Export prices rise for second month in a row

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Export prices rise for second month in a row

Containers are stacked at the Sinseondae container terminal in the southern port city of Busan on July 1. Korea's exports went down on year due to the pandemic, but the reduction rate has declined on month in June. [YONHAP]

Containers are stacked at the Sinseondae container terminal in the southern port city of Busan on July 1. Korea's exports went down on year due to the pandemic, but the reduction rate has declined on month in June. [YONHAP]

 
Export prices continued on an upward trend for the second month in a row in June, the first time since last year’s February-to-May period that export prices rose for more than two consecutive months.
 
According to the Bank of Korea (BOK) Wednesday, export prices went up by 0.3 percent in June compared to the previous month. However, compared to June 2019, they were 6.0 percent lower, maintaining a 13-month downward trend.  
 
Export prices based on the contractual currency rose 1.6 percent on month and fell 8.5 percent on year. These figures factor out changes in the exchange rate.
 
The price of crude oil sourced from Dubai increased 33.9 percent on month in June, from $30.47 per barrel in May to $40.80 in June.  
 
As the won rose against the dollar in June compared to May, export prices went down by 0.7 percent on month for semiconductors, which saw steady export prices in May. Export prices for computers, electronic and optical devices went down 1.7 percent, whereas the prices for industrial products went up by 0.3 percent along with the rise in coal and petroleum products.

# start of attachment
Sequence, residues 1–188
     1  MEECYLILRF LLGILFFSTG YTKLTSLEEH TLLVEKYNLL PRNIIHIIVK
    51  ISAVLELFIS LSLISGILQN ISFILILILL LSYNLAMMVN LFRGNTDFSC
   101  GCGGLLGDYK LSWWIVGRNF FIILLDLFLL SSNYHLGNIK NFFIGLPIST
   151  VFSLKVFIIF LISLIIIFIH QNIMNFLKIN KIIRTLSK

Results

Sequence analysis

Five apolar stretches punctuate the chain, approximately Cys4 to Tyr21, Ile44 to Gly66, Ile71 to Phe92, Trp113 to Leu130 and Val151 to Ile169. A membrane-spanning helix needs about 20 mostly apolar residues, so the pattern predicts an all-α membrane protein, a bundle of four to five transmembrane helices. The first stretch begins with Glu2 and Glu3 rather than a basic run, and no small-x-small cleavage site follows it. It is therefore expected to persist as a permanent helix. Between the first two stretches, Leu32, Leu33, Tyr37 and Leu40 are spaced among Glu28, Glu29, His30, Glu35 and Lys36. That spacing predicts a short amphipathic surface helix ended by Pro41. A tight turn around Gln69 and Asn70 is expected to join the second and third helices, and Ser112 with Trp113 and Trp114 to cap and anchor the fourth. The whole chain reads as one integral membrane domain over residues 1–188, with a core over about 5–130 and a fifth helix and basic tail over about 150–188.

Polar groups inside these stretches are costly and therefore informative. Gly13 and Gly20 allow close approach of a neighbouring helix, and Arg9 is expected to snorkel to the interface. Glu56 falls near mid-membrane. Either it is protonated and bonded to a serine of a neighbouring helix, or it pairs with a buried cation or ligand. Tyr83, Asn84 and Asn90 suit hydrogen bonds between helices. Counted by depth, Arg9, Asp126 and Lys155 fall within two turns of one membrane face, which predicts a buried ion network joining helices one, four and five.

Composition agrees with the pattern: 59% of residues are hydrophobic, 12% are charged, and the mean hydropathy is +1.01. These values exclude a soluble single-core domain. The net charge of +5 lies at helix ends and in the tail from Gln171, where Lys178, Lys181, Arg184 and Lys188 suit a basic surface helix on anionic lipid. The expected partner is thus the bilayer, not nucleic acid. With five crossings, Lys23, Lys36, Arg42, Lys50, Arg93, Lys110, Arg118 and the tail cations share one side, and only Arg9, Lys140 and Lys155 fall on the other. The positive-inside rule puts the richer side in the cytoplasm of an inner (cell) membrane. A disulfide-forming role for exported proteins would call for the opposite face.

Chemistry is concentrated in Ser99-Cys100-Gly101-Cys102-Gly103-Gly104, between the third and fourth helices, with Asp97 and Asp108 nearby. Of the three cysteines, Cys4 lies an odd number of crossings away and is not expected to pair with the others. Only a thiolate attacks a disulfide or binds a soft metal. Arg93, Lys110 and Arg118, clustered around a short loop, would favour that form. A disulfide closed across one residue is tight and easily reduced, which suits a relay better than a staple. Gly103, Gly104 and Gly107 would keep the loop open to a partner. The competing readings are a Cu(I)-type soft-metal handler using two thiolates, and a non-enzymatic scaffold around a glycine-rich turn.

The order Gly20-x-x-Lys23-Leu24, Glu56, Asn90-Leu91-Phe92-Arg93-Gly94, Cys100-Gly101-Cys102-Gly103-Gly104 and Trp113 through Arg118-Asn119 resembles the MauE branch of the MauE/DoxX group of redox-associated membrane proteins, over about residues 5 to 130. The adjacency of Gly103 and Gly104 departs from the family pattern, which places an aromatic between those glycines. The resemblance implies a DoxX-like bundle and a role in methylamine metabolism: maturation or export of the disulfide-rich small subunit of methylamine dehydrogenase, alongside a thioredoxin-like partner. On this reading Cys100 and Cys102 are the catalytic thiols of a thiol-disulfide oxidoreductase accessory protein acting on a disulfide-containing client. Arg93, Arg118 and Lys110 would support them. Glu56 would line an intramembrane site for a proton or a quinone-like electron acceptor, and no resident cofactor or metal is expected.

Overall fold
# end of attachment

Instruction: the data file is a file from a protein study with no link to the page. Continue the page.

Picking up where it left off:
“As the recovery of the semiconductor price has been interrupted, export prices in June increased on month following the rise in the price of crude oil for two months straight. The rate of the fall from last year’s value has slowed down,” said a Bank of Korea spokesperson. “The export price for semiconductors went down by 0.7 percent in June and is on a two-month monthly decline, but the on-year negative slope is continuing to get smaller.”
 
Import prices in June also rose by 2.5 percent on month due to the influence of crude oil price increases. Compared to last June, prices went down by 7.3 percent, maintaining the downward trend that has lasted for five months.
 
Import prices for raw materials went up by 9.9 percent on month. Import prices for intermediate goods, mostly driven by coal and petroleum, went up by 0.9 percent. Meanwhile, import prices for capital goods like machinery dropped 0.6 percent, and those for consumer goods decreased by 0.8 percent on month.  
 
“Import prices are heavily affected by the price of crude oil, and hence they showed a consecutive two-month upward trend,” said the BOK spokesperson. “After some time passes, it is going to have a similar effect on consumer prices.”  
 
BY JEONG HYE-JEONG, LEE JEE-YOUNG   [lee.jeeyoung1@joongang.co.kr]

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